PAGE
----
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Saturday, 26 September 2020
THE pleasantly aesthetic design of the first generation Nissan Juke — launched in 2010 — gave the car its individuality and flair.
There was something about this first Juke that reminded me of Ferrari’s famous prancing horse logo.
Apocryphal or not, Enzo Ferrari is supposed to have told Ferrari to put his son’s prancing horse on their cars’ logo to bring them good luck.
My take on the visual impact of the early Juke may be in the minority but Nissan cannot complain about its sales record.
This crossover SUV (sport utility vehicle) has sold well. In Japan at launch orders totalled 10,943 units in its first month, beating Nissan's target of 1,300. European and US figures also exceeded expectations. The Juke made its debut at the 2010 Geneva Motor Show and was introduced in the United States at the 2010 New York International Auto Show.
The name “juke” was said to mean to dance or change directions demonstrating agility (which fits nicely with my vision of the prancing horse).
Eight years after the first model arrived, in 2018 the one millionth Juke rolled off the line at Nissan’s Sunderland plant. Now in 2020 we have a new Juke. As you might expect it is a smoother, more sophisticated car that has replaced the jinking Juke of that first manifestation.
Yet I found the new Juke just as lively and quick to respond as its predecessor.
Designed, engineered and built in Britain, Nissan says that “interior practicality, cabin and boot space have all been enhanced” in this new Juke.
That much is apparent from the moment you get behind the wheel. It is also well equipped with plenty of Nissan Intelligent Mobility technologies, including Propilot. The latter is a driver assistance system that keeps the car in lane and at a safe distance from vehicles ahead.
Apple CarPlay and Android Auto are both available plus a full suite of connected services, including Google Assistant integration that can also be used to share routes or talks to a smart device.
The Juke has also grown. Dimensions are now 4,210mm length; 1,595mm height; and a width of 1,800mm while lighter by 23kg.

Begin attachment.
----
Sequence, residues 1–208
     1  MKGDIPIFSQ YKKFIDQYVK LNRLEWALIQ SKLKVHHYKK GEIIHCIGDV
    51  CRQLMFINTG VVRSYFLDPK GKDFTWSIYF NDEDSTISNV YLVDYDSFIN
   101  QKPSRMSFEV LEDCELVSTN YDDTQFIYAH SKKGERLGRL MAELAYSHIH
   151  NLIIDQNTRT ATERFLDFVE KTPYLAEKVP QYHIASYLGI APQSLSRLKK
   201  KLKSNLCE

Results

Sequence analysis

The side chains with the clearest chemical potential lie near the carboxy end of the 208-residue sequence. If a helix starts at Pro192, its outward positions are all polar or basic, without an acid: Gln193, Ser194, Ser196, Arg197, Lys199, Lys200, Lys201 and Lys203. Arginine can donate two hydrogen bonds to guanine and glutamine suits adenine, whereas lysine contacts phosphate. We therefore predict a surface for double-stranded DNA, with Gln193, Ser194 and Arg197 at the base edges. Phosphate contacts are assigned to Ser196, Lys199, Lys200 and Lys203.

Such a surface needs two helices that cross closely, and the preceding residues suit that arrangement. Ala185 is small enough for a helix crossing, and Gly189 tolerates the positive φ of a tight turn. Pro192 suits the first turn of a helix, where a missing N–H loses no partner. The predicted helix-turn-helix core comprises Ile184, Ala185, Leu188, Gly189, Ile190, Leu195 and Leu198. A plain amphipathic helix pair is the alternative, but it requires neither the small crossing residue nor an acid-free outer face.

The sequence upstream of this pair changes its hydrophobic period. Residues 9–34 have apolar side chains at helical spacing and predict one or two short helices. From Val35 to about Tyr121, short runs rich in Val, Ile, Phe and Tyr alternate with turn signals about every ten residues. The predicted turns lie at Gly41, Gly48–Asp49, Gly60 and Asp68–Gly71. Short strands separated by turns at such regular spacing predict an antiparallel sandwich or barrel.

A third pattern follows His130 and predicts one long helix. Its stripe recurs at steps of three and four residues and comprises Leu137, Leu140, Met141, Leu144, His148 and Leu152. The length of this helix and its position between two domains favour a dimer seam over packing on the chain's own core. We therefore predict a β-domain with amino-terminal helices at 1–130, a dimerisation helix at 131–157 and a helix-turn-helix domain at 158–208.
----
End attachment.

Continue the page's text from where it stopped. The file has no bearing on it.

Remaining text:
Power comes from a 1.0-litre three-cylinder DIG-T turbocharged petrol engine with 117 PS, aimed at improved performance and fuel economy.
It is available with a six-speed manual or seven-speed dual-clutch (DCT) paddle-shift transmission, and a driving mode selector (Eco, Standard and Sport). With the new infotainment system, drivers can mirror their favourite smartphone apps on the eight-inch touchscreen display.
Drivers can also access TomTom Maps & Live Traffic or activate their In-Car WiFi to allow passengers to connect to their laptops or tablets.
Juke owners can now check the door-lock status of their vehicle and lock or unlock their Nissan directly from their smartphone. For increased safety, drivers can also check their tyre pressure and oil level before departing on a trip.
Google Assistant compatibility gives them control over functions including vehicle lights and sending destinations to the car’s navigation system by talking to their smart device.
The Bose Personal Plus sound system has eight speakers including two sets of Bose UltraNearfield speakers integrated into both front seat headrests.
Safety technologies include Intelligent Emergency Braking with Pedestrian and Cyclist Recognition, Traffic Sign Recognition, Intelligent Lane Intervention, Rear Cross Traffic Alert, and Blind Spot Intervention. The latter warns the driver when a car gets into its blind spot and brings the car back in the lane.
The new Juke is equipped with full LED technology as standard. Rear-seat knee room has increased by 5.8cm, rear head room by 1.1cm and a boot capacity of 422 litres — providing 20 per cent more storage room.
New soft-touch materials on the dashboard, door trim and foot wells are complemented by standard sporty seats and optional Alcantara or leather upholstery.
Ponz Pandikuthira, of Nissan Europe product planning, sums up this new Juke nicely when he says the new Juke “has grown up, while still retaining the fun-to-drive qualities that have always made it stand out”.
I think that is fair comment on a bestseller that in its new incarnation should prove another popular winner.
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